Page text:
Wednesday, June 23, 2010

Bhopal Gas Tragedy : What about the poisonous gas of hypocrisy?

Twenty-five years and a half later what Bhopal exposed is our collective hypocrisy. It is not just a case of too lenient a punishment given by a single judge, but the failure of the entire system. Our Parliament, Judiciary, Executive – both political and permanent – and of course the Press all let us down.
And now we are all enacting a drama titled The Bail-out of Warren Anderson.
The media barons – not just young reporters and sub-editors – think that the readers or the audience are the greatest fools, therefore, should be bombarded with all the old stuffs just to dramatise the situation and earn some fast buck through advertisements. So whatever is appearing in the Press is a sort of re-mix of a quarter century old songs, of course tragic ones. All what is appearing about Anderson is nothing new.
Everyone who matters – and old enough – is aware that he was ushered back into his own country with full state honour by the Indian state.
We all know that we are not going to get the 89-year old Anderson. For a moment, suppose that he is extradited by the United States. What are we going to do with him? After all what have we done to the remaining eight Indian officials – one in fact died in the prolonged legal battle. Two years imprisonment and then bail. If Anderson is being demanded for this much then we must be generous enough to pardon him!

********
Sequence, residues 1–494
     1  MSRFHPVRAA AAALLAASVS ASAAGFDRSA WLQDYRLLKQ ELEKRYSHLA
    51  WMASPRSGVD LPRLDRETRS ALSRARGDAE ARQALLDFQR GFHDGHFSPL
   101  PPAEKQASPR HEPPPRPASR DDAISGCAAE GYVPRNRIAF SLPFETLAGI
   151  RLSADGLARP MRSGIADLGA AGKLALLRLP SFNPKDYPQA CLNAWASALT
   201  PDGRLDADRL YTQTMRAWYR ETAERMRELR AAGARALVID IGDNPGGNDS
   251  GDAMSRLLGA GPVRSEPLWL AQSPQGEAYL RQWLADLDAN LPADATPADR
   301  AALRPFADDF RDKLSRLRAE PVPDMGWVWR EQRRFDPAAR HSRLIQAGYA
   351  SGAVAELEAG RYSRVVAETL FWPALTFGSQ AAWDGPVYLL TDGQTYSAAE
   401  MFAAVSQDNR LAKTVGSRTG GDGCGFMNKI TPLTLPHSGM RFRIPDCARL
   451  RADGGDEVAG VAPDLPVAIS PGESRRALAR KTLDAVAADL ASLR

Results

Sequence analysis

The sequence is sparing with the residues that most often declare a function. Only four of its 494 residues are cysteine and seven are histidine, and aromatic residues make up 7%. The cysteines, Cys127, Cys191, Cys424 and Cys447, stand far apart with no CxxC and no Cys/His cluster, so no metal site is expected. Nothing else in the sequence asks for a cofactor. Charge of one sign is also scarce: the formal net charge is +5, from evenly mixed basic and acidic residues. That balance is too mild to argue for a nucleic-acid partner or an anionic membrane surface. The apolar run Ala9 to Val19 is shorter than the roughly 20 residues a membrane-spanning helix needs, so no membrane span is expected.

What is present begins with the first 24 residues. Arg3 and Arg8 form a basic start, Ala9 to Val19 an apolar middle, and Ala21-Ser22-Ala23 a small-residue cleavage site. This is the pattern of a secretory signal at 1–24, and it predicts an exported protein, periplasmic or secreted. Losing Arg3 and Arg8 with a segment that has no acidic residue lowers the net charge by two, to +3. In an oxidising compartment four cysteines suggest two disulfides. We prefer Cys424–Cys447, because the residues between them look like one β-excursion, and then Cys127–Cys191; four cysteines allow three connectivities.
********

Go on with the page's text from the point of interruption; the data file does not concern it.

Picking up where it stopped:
The issue is just not the accidental leak of poisonous gas, but how is it that an industry of such a nature got established in the densely populated part of Bhopal. Why did the government not force the industry to shift from the place?
India is a unique country where industries are situated in the heart of many cities while schools in the suburbs. Or if that is not the case the population is allowed to grow around the industries, which actually were in outskirts.
In many of our cities schools are set up 10-20 or even more kilometres away from the population because most of the private institutes are opened by businessmen who get cheap farm land in the outskirts of the town. Therefore, children are made to travel more than a couple of hours daily inhaling all sorts of gases on way and back.
In contrast, industries are situated in the heart of towns because the government lacks vision and planning. Not to speak of Warren Anderson or anyone else, we cannot influence or force our own industrialists to shift their bases outside, nor can we prevent the growth of population near the industries. The nexus between the ruling class – not just politicians – the industrialists and the land mafia plays a key role in accidents like the one which took place in Bhopal.
What we all need to tell the people frankly is: Yes we cannot bring Anderson because he was the boss of an MNC. No, even our own industrialists are above the law. And that Bhopal is just a small price for the ‘development’ of the country.
Yet one thing should be kept in mind that we were in the Soviet camp then and opposed to the United States’ design in the world. In spite of that the American influence proved so influential. Today when the Soviet Union does not exist and India is wholly in the US camp the amount of pressure the lone Super Power can put on us in any given circumstances can only be imagined.

From Soroor Ahmed's article in Radiance. More Here.

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